Sandwoman and her experiments with peace
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- Published 9.01.12
|(From top) Beatrice Didier chews on a rose petal, hands out an inscribed box and makes a peace offering during her performance at Studio21 on January 5. Picture by Amit Datta|
A head and two hands peek out of a mound of sand — is it a monarch in a peculiar sand robe? Or a sand goddess? Or, perhaps, a new-age Valmiki awaiting enlightenment? Beatrice Didier’s Work in progress for Peace at Studio21 on January 5 evoked these questions in the minds of the audience.
The artist was seen neck-deep in a heap of sand on a dais in the open space behind the gallery. Only her hands were visible, one hand holding a bunch of red roses and another an ordinary gel pen. Red candles sticking out of the sand around her glowed as she remained motionless, as though in deep meditation.
The buzz was that the artist intended to remain in this state for an hour. The bewildered audience looked on as curator-coordinator Manas Acharya intervened and Didier agreed to cut short her vrat.
Fifteen minutes later, her hands began to move imperceptibly. She tore a petal from a rose, put it into her mouth and started chewing before proceeding to write on a tiny metal box which she set on another rose petal and offered it to the audience.
Everyone stepped forward to claim his or her box, Love and Peace to Plant written on the lid and a rose petal and seeds of the kadam tree inside.
The ritual continued till only two roses remained. She slowly rose to her feet and gradually lunged forward, face down, holding out the roses before her — much like a devotee making an offering in a temple, praying for love and peace.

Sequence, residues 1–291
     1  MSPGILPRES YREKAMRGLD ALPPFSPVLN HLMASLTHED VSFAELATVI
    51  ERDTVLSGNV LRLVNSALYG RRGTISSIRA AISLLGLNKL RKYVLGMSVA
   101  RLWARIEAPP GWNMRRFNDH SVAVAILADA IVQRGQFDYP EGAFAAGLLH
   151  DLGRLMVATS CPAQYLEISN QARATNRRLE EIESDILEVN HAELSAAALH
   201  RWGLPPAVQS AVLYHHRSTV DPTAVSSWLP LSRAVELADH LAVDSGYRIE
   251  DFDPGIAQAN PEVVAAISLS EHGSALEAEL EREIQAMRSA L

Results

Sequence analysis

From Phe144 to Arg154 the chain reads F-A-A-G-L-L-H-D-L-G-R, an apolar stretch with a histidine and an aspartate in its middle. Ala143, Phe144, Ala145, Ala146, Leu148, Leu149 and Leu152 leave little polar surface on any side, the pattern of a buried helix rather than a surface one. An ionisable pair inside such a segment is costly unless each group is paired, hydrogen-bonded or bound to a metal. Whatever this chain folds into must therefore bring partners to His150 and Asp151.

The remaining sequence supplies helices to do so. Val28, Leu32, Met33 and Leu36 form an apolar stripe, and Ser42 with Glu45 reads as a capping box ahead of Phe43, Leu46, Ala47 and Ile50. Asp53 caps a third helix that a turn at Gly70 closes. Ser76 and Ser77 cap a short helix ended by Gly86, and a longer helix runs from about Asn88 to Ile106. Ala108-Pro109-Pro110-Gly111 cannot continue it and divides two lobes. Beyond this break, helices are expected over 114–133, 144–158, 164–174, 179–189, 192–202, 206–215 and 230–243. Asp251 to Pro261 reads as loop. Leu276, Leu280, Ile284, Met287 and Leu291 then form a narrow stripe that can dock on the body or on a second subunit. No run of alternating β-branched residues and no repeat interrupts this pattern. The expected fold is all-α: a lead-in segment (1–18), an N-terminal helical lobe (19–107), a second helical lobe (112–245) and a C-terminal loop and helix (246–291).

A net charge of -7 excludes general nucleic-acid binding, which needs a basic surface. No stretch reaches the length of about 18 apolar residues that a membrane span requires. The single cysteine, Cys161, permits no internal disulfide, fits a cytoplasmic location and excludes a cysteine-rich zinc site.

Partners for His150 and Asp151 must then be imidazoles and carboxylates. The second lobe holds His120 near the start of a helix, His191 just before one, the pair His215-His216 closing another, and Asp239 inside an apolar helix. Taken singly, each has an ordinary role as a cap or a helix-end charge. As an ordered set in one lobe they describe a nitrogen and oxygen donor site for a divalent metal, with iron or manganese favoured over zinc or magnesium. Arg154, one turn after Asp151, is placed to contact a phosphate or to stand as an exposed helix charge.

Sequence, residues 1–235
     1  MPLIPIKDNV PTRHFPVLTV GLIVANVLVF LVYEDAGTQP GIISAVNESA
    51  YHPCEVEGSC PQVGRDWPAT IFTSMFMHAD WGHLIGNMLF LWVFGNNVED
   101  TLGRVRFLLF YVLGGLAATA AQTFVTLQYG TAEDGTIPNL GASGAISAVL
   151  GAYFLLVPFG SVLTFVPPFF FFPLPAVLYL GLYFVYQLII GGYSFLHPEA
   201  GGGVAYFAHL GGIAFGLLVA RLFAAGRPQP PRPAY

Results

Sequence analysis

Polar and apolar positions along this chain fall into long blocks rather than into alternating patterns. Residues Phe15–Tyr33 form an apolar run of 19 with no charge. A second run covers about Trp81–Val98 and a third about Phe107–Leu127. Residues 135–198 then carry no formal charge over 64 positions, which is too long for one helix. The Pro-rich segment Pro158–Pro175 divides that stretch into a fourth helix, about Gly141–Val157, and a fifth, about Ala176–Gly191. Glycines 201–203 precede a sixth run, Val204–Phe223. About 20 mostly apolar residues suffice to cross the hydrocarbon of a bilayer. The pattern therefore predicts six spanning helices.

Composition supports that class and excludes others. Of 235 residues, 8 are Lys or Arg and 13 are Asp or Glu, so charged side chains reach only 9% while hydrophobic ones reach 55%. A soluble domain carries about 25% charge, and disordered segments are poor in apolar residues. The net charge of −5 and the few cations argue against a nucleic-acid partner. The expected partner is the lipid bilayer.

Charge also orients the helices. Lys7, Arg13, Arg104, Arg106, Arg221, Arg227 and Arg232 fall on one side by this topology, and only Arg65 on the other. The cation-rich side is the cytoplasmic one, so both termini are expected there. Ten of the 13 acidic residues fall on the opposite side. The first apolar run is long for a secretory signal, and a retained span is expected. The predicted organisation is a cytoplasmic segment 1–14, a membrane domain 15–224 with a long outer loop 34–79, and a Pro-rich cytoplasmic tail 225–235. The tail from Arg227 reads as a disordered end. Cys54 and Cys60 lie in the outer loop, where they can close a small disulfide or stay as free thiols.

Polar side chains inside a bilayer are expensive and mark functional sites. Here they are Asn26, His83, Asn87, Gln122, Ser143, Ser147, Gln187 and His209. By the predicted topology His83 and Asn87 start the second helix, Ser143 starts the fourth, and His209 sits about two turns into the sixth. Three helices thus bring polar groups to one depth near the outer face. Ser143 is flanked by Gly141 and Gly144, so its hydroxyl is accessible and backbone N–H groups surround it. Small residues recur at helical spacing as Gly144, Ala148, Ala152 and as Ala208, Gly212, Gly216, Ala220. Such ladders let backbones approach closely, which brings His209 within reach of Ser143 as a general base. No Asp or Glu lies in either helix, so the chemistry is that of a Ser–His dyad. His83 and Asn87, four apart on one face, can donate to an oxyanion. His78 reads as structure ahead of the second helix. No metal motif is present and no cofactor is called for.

“Red roses are a symbol of love in Europe just as the kadam tree, because of its association with Krishna, is a symbol of love here. So, when I eat the petals, it is like nourishing oneself with love...,” Didier said as she interacted with the audience after the performance.
A trained theatre person (she has attended Conservatoire royal de Bruxelles and various other workshops), Didier doesn’t like to limit herself to the stage, preferring instead to express herself in various ways. This is the second time she has come to India and she has been involved in projects in Bangalore and other cities. She is also set to lecture at JNU.
On the way out, the man in charge of the lighting equipment was seen torn between emptying out the box and using it to store tobacco and preserving it as a talisman for wellbeing. Well, that’s the fun of experimental work — one never knows what reaction it will evoke.